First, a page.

And one of the computers already there will give the answer. (This is part of the service provided by DHCP. I’ll mention that again at the end.) Each computer, unless it has reason to do otherwise, gets the answer from a computer that was started earlier.
In theory, at the pinnacle of this pyramid there would be one computer that knows everything, and who told the first row beneath it, who told the second, and so forth. But having every computer in the world use the same DNS would be an enormous burden on that system.
Instead, it makes a lot more sense to distribute the load.
So, imagine instead a bunch of little pyramids, each with their own DNS. All requests from computers in that little pyramid ask their local DNS for answers.
Now, take a few of those pyramids and scrunch ’em up real tight to each other. Then, take some more of the little pyramids and stack them on top of the first bunch forming a new layer. Continue stacking little pyramids, each layer on top of the one below, until you have a huge pyramid of little pyramids.
When everything is up and running, that’s what it looks like: a giant pyramid built from lots of smaller pyramids. Each small pyramid gets its configuration from above, and then has its own little DNS. (Don’t take this too far because some DNSes, 220.127.116.11 for example, are very big and used by a great many computers.)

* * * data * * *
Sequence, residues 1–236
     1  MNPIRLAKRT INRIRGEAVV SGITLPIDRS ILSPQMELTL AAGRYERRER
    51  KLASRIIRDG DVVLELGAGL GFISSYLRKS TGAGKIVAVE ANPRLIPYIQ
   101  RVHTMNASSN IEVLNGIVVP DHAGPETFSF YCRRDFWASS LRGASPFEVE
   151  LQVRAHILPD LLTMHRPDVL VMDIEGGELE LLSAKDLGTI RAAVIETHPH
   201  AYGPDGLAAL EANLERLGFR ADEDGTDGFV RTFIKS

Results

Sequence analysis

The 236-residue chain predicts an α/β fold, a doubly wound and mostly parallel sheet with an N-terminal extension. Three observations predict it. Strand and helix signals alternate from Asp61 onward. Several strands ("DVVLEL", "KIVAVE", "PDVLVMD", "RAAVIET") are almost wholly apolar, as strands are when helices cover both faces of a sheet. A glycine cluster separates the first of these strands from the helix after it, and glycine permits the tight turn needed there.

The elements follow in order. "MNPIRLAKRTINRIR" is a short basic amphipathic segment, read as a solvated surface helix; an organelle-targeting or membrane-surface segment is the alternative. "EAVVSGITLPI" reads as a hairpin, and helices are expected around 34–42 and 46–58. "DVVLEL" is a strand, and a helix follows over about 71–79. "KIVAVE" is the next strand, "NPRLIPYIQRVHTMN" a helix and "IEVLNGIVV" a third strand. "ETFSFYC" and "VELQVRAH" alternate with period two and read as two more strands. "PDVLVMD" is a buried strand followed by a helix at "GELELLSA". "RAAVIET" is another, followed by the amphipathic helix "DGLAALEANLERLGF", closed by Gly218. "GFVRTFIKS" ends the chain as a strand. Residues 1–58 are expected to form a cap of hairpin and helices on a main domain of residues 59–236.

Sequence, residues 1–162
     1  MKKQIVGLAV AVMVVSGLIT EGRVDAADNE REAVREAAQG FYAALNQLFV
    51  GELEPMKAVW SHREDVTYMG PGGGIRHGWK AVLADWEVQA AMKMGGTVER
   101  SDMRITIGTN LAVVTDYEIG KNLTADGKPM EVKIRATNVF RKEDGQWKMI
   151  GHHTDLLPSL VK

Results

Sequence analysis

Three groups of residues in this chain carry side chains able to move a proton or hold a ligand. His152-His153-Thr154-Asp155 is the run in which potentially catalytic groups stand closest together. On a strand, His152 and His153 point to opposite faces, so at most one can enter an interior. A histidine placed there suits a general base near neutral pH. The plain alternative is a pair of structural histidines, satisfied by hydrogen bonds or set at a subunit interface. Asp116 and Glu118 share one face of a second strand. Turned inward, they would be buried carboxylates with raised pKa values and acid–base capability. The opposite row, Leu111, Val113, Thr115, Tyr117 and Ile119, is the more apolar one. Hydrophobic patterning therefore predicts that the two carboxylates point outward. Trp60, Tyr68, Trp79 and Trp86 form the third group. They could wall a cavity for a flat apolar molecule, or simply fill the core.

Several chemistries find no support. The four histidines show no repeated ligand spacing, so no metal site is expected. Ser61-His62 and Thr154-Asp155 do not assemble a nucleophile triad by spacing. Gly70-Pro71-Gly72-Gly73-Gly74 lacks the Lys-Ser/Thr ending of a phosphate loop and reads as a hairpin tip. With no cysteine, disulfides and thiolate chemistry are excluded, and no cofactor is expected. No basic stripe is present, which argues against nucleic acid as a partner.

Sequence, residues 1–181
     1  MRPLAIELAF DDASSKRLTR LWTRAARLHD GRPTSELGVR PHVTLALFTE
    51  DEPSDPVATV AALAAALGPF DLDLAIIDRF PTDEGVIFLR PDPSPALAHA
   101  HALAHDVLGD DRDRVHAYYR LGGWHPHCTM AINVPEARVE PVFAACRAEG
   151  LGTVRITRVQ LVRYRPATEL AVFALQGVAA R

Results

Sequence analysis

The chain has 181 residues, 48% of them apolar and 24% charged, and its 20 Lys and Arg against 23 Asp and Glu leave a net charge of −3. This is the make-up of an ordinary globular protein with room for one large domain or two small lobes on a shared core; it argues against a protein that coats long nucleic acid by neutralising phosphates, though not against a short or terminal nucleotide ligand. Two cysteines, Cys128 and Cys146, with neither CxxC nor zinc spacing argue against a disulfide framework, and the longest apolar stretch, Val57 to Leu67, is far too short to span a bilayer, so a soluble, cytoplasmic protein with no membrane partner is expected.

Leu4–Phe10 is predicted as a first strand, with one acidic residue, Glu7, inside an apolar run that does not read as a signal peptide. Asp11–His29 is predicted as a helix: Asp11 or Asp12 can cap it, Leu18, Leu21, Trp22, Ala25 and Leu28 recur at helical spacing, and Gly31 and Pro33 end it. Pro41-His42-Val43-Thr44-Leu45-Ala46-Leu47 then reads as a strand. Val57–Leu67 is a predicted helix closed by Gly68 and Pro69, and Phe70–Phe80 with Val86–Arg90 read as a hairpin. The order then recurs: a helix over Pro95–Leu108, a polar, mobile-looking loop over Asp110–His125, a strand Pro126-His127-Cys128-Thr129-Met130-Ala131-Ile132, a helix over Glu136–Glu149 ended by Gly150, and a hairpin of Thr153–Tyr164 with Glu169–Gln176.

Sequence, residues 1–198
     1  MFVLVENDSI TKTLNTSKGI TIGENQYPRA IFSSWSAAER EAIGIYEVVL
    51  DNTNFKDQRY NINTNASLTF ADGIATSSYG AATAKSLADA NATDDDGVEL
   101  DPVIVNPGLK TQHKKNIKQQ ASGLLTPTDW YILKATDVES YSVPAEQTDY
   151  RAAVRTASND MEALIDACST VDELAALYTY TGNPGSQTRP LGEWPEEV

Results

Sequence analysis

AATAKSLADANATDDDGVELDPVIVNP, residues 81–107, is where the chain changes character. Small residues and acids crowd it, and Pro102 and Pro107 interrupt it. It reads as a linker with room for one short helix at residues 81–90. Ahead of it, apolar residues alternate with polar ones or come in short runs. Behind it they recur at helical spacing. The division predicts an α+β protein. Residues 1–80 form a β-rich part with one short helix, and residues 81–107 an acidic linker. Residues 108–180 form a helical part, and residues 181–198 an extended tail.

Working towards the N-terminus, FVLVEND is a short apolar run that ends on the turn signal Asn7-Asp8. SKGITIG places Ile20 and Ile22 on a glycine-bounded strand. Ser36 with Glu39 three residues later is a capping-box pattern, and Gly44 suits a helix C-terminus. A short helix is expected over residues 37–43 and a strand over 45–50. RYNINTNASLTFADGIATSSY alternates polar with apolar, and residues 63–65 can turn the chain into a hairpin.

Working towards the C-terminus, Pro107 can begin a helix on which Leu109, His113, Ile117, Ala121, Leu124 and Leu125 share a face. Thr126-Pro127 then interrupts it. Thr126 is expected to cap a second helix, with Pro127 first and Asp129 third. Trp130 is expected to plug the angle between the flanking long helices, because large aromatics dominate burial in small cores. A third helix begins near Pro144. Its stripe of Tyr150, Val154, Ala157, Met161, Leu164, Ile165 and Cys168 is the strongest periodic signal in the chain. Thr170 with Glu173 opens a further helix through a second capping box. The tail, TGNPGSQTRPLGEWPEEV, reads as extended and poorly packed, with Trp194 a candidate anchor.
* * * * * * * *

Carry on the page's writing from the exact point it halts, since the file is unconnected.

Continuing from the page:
And if the DNS in your pyramid doesn’t know the answer, it knows the internet address of the DNS in the pyramid above it. How did it get that? Remember: when the computers first turn on, they are told what DNS to use? The new (littler) DNSes remember that internet address, but they don’t tell their underlings. Instead, the new DNSes pass down their own internet address. By doing so, they start a new (little) pyramid.
This propagation and proliferation of DNS machines down through the pyramid happens very smoothly. It’s one of the key elements in the design of the internet. It’s very simple, and very clever. (Programmers would call this an elegant solution. The internet has many such elegant solutions.)
But let’s say you want to be a rebel!
Just for the hell of it, you might say, “My computer was told to use the DNS at 18.104.22.168, but I know from reading Ed’s blog post that Google is providing that DNS. I don’t trust big corporations, so I want to hand-configure my computer(s) to use a different DNS. How do I do that?”
Not only is it possible, it’s also very practical in certain situations.
For example, in my household, I have added my own local DNS. I did this for performance reasons—a nearby DNS makes web page loading much faster—and to reduce or eliminate certain kinds of websites. (More on what’s being eliminated in a moment.)
My local DNS runs on a small Raspberry Pi 4 computer. For the technically adept, you can set one up for about a hundred bucks. It’s tiny and is shoved to the back corner on the top shelf in our laundry room. It runs 24/7 and is hard-coded to the internet address 192.168.165.71. (It can only be accessed if you’re connected to our local network.)
But the initial reason I wanted my own DNS was for ad-blocking, not for performance.